If American fans of New Zealand-native Taika Waititi’s (it’s pronounced TYka) writing and directing work didn’t stay to watch credits, there’s a chance they didn’t know he’s also been acting in his own films. He cameoed as Gordon, the late brother of the lead character, Jarrod, in “Eagle vs Shark,” played the unnamed title character’s dad in “Boy,” the vampire Viago in “What We Do in the Shadows,” the minister in “Hunt for the Wilderpeople,” and the rock man Korg in “Thor: Ragnarok.” New Zealanders would have known who he was because of his pre-directing acting career as well as his stint as a standup comic, both in New Zealand.
So, it’s no surprise to see this writer-director who still loves to act appear once again in his newest film “Jojo Rabbit,” this time in the juicy role of Adolf Hitler - or at least a nonsense-spewing, totally idiotic version of him, who exists only as an imaginary “friend” of a lonely young German lad. The boy, Jojo, has his innocent sense of right and wrong challenged by the emotional chaos of WWII. Waititi adapted his script from the 2004 novel “Caging Skies” by Christine Leunens.
The book was an imaginative, but serious study of why war is bad and why hate is wrong. Waititi kept the messages of the book intact but managed to make a film that works as a biting satirical comedy, with flashes of outrageous hilarity. He spoke about the film by phone.
Q: You’ve been wanting to make this film for a long time. Is it true that you got the idea from your mother?
A: That’s right. In 2010 she recommended I read the book. So, I did and it was brilliant. Then I decided to pursue the rights and try and turn it into a movie. I was able to see the film in my head. I could feel the tone of the film and everything. I finished the first draft of the script in 2011 and then I kind of put it aside for a few years and went and made three other movies.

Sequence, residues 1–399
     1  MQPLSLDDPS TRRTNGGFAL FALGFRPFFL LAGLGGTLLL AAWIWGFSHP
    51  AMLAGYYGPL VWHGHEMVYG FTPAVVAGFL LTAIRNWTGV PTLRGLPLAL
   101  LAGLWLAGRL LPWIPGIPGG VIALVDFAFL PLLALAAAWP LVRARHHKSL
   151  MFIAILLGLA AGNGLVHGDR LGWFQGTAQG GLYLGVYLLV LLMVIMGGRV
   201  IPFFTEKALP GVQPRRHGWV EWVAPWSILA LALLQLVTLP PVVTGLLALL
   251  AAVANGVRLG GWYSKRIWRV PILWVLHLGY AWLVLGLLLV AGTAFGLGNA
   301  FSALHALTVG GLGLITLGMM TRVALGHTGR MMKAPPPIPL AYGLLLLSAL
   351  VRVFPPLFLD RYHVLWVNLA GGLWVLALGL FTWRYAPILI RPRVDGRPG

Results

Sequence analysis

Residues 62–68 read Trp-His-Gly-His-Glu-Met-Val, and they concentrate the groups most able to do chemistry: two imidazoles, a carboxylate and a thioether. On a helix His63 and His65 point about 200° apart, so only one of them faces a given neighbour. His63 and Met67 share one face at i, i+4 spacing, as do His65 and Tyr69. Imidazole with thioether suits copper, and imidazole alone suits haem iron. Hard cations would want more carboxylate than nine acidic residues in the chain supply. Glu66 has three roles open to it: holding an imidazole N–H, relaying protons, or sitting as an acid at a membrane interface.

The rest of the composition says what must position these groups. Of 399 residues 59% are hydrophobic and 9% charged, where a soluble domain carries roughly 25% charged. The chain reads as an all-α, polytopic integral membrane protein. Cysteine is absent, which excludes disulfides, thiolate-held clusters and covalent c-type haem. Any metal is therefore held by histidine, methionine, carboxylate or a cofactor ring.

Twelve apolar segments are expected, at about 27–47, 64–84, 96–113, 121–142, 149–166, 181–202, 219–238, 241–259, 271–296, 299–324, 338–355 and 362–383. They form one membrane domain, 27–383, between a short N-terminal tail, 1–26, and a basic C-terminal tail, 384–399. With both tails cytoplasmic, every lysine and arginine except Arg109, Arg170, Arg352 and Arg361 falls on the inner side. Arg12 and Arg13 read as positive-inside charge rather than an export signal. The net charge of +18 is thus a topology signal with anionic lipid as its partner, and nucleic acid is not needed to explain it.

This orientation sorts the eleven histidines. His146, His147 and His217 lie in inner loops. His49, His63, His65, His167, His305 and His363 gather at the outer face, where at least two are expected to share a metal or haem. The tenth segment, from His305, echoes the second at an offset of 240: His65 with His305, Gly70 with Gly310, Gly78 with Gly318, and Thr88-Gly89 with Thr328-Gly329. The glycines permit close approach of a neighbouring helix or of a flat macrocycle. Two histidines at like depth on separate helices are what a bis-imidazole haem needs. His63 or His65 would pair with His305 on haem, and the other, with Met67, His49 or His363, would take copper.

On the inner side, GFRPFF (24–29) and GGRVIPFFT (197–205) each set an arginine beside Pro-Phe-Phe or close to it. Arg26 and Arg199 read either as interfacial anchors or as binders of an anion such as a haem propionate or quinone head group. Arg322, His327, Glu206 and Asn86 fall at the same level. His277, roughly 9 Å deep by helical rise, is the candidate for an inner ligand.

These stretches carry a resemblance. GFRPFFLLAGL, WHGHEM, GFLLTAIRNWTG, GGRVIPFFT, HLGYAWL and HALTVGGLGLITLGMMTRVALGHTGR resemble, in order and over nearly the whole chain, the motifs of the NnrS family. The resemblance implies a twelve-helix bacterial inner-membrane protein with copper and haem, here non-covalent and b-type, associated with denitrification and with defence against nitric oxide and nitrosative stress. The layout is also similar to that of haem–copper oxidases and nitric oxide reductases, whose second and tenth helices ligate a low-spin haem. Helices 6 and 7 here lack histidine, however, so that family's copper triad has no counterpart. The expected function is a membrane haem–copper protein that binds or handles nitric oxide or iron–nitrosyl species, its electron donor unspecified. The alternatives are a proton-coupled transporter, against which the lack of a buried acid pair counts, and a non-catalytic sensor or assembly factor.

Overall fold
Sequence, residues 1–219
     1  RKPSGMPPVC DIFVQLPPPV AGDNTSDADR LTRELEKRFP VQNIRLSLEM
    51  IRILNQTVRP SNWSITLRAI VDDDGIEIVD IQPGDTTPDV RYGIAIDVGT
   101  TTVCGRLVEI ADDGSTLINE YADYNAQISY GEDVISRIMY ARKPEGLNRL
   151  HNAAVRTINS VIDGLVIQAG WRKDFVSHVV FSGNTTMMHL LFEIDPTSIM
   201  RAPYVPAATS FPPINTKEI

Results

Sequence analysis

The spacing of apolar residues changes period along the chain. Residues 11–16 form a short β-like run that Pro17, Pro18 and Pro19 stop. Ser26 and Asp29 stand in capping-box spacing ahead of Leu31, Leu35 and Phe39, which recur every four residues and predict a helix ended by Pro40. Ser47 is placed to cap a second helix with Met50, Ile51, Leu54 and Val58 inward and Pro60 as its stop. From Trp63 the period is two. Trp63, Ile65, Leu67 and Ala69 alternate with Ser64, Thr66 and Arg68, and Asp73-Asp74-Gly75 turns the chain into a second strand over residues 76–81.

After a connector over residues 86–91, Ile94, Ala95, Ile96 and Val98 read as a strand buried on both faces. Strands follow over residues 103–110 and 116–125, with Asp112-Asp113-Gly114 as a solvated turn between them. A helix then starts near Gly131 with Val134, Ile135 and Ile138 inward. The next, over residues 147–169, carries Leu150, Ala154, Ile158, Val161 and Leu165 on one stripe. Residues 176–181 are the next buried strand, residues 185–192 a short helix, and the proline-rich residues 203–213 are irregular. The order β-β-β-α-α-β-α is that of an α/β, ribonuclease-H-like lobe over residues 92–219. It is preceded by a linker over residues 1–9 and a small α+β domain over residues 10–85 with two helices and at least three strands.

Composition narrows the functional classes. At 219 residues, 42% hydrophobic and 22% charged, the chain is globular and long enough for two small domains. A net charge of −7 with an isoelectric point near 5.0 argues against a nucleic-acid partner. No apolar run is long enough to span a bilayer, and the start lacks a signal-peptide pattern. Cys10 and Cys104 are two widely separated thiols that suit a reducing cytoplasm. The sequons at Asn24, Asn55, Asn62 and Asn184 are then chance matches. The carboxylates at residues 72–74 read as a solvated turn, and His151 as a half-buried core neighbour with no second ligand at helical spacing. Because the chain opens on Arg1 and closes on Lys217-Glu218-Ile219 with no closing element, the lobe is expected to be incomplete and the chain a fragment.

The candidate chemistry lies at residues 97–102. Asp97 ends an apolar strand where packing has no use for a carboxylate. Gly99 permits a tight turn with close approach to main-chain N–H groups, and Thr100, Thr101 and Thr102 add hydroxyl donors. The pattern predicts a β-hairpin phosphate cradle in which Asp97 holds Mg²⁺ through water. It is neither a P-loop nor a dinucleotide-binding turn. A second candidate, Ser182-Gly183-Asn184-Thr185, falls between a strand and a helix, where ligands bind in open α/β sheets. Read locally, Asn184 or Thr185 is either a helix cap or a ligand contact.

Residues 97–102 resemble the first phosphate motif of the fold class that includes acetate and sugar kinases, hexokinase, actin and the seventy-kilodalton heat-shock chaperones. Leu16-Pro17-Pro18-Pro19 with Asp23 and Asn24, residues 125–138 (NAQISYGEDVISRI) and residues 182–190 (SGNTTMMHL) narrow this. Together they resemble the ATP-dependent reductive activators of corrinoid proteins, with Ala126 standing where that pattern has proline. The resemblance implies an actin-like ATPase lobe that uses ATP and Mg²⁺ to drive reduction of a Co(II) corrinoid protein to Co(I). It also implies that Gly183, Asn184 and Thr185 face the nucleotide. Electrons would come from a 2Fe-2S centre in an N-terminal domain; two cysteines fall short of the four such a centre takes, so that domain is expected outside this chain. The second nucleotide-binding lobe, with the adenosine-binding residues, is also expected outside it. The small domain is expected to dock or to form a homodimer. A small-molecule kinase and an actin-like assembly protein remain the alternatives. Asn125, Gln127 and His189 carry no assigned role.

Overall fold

Q: And you pretty much just got a call, out of the blue, from Fox Searchlight in 2017?
A: That’s exactly what happened. I was in post-production of “Thor,” and that’s when Fox Searchlight got in touch. They’d read the script and they wanted to make the film. They gave me a lot of freedom and they’re also very smart people. So, when they had notes or ideas, I tended to listen.
Q: Did you go back to that original script and begin rewriting it?
A: I dusted off the script and made another couple of passes on it. After a couple of drafts, it was only about four or five months before we started making the movie.
Q: You were definitely rather loose in your adaptation. For instance, there’s no imaginary Hitler in the book, but he’s a main character in the film.
A: I decided on imaginary Hitler probably about nine or 10 months after I’d read the book and after I’d started doing some work on the script with a friend. Then it came to me, in an epiphany! The idea just came out of thin air - of the boy and Hitler. I don’t know why. I can’t explain why.
Q: Did you write the part for yourself?
A: No. I had no intention of playing this character. I mean, look at me. Do you see what I look like? It makes no sense. Originally, we were just going to go to various actors - white actors - and ask one of them to do the role. But I think because the people at Searchlight were familiar with my work and knew that I’m willing to put myself in my films, they had the idea that I could play him and they encouraged me to do that.
Q: You were raised in New Zealand by a single mom, and the character of young Jojo (Roman Griffin Davis) is raised in the film by Rosie, a single mom (Scarlett Johansson). Is Rosie based on your mom?
A: She’s a mixture of my mother and Ellen Burstyn in “Alice Doesn’t Live Here Anymore.”
Q: The film opens and closes with familiar pop songs sung by the original artists in German versions. The Beatles kick it off with “Komm, Gib Mir Deine Hand” (“I Want to Hold Your Hand”) and Bowie ends it with “Helden” (“Heroes”). At what point was that musical decision made?
A: I knew it right from the very beginning. “Heroes” in German was in the first draft of the script. The Beatles one was not, that was originally a Nick Cave song.
Ed Symkus writes about movies for More Content Now. He can be reached at firstname.lastname@example.org.